Results: In Study I, two laboratories independently identified six lipids in common that differentiated serum of patients with CACS >250 from that of those with CACS=0. Study II, revealed higher levels of phosphatidylcholine(PC)(16:0/20:4) and lower levels of PC(18:2/18:2), PC(36:3) and phosphatidylethanolamine (PE)(20:0/18:2) in patients with CACS >250 than found in those with CACS=0. Study III showed a CACS >0 prevalence of 46.3% and 36.6% in low and high socioeconomic residential areas, respectively, but the traditional risk factor–adjusted odds ratio for CACS >0 was not significantly higher in subjects living in low socioeconomic areas. In Study III, the traditional risk factor–adjusted odds ratio for CACS >100 relative to CACS=0 was significantly higher in women with low education level and living in a rented apartment. Studies III and IV showed traditional risk factor–adjusted odds ratios for CACS >0 to be significantly higher in women with a family history of premature cardiovascular disease and low social support. No relationship of psychosocial factors with CAC was observed in men. The vegetarian diet implemented in Study V significantly lowered mean oxidized LDL-cholesterol (-2.73 U/L), total cholesterol (-0.13 mmol/L), LDL-cholesterol (-0.10 mmol/L), and body mass index (-0.21 kg/m2), as well as the relative abundance of PCs, PEs, and several microbial genera compared with the meat diet. The effect of the vegetarian diet on oxidized LDL-C was associated with higher relative abundance of Ruminococcaceae genera and of Barnesiella and reduced abundance of Flavonifractor. The vegetarian diet lowered the relative abundance of ceramide(d18:1/16:0) and triacylglycerols with saturated fatty acyl chains and raised the relative abundance of triacylglycerols with high carbon and polyunsaturated fatty acyl chains compared with the meat diet.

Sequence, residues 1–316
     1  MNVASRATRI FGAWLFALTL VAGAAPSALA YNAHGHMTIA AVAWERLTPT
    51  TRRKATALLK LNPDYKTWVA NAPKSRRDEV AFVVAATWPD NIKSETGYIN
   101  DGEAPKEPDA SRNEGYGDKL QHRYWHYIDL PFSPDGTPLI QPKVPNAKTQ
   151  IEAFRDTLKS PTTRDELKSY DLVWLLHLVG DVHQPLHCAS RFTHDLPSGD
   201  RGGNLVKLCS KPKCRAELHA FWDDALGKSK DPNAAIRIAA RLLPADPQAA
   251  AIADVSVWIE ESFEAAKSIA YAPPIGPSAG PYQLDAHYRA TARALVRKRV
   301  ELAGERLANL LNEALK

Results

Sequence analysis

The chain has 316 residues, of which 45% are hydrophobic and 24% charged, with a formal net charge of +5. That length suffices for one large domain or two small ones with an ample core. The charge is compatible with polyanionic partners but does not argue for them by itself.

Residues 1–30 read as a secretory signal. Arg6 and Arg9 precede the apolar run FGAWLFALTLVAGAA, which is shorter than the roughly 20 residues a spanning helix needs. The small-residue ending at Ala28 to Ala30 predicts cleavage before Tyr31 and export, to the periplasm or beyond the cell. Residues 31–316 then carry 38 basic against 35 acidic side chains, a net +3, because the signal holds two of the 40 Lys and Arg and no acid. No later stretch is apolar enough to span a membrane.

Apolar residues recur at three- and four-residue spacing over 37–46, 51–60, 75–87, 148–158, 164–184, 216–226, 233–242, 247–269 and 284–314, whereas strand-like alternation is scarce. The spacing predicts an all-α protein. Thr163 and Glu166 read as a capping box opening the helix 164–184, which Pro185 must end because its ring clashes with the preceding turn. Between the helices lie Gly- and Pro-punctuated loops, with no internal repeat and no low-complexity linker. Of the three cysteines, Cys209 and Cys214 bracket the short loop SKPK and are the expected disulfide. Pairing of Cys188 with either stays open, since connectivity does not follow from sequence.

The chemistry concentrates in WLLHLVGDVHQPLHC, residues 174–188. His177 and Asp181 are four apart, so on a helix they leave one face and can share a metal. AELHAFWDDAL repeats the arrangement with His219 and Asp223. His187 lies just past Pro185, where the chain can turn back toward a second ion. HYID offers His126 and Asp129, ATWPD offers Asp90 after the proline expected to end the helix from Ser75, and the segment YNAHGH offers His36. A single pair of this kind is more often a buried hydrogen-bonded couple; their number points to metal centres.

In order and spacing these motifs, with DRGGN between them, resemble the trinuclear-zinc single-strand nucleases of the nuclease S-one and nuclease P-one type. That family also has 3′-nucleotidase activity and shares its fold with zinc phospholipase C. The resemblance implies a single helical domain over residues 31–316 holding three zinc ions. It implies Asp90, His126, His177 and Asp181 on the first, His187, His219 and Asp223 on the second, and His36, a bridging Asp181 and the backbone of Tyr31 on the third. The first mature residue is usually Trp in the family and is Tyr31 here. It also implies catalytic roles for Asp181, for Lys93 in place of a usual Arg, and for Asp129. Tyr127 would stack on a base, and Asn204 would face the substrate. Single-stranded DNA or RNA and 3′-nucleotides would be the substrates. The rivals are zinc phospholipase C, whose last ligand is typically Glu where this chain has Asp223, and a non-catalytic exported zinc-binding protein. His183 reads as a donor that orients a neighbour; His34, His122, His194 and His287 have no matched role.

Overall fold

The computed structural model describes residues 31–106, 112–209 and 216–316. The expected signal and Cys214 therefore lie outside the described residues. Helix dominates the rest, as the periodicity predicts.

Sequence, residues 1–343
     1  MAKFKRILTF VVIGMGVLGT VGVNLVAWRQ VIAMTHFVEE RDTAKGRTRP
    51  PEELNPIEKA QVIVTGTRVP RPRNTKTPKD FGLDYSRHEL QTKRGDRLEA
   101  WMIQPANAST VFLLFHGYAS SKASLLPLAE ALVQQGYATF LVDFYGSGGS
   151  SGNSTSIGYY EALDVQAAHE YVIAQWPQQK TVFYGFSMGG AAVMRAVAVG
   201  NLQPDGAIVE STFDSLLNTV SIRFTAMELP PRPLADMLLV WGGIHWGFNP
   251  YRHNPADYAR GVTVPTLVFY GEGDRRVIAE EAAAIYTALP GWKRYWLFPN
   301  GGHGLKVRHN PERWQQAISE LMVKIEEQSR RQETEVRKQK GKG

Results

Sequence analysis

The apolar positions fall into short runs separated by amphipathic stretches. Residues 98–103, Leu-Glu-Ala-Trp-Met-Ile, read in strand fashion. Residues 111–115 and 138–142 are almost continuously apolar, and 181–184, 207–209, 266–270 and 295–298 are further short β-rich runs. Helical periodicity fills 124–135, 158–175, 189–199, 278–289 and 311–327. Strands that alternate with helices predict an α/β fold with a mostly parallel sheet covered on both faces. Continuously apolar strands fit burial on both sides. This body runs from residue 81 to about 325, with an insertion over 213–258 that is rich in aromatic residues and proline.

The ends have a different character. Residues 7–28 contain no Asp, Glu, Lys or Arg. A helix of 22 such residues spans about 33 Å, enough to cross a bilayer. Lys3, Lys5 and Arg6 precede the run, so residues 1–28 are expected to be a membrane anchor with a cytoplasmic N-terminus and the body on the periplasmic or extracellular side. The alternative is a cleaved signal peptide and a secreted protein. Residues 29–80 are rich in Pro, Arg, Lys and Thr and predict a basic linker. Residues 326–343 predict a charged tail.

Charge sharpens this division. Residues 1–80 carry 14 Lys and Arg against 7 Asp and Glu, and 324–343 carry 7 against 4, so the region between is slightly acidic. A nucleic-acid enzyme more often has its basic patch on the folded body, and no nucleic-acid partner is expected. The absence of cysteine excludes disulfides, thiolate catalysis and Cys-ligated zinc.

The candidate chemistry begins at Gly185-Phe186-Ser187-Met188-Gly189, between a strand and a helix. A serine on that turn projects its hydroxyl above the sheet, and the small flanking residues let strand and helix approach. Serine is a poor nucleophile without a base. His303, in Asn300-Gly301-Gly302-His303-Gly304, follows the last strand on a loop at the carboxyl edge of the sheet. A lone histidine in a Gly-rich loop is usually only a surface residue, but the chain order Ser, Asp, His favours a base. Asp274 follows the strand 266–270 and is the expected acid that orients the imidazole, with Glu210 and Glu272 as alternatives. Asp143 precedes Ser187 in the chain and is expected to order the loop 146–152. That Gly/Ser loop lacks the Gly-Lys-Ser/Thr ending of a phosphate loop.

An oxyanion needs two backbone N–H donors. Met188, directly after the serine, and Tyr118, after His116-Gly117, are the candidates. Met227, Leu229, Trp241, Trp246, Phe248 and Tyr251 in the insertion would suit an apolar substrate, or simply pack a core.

Conclusions: Novel and traditional cardiovascular risk factors are associated with subclinical CAD. Psychosocial factors are associated with subclinical CAD in women, but not in men. Short-term intervention with a vegetarian diet in individuals with CAD can positively impact novel and traditional factors that have been associated with risk of future cardiovascular events.

Place, publisher, year, edition, pages
Örebro: Örebro University, 2020. p. 85
Series
Örebro Studies in Medicine, ISSN 1652-4063 ; 215
Keywords
Novel risk factors, coronary artery calcium, lipidomics, lipidome, psychosocial factors, vegetarian diet, gut microbiota, metabolome
National Category
General Practice Cardiac and Cardiovascular Systems
Identifiers
urn:nbn:se:oru:diva-80920 (URN)978-91-7529-342-4 (ISBN)
Public defence
2020-06-12, Örebro universitet, Campus USÖ, hörsal C1, Södra Grev Rosengatan 32, Örebro, 13:00 (Swedish)
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Available from: 2020-03-31 Created: 2020-03-31 Last updated: 2020-05-19Bibliographically approved

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Djekic, DemirCao, YangFröbert, Ole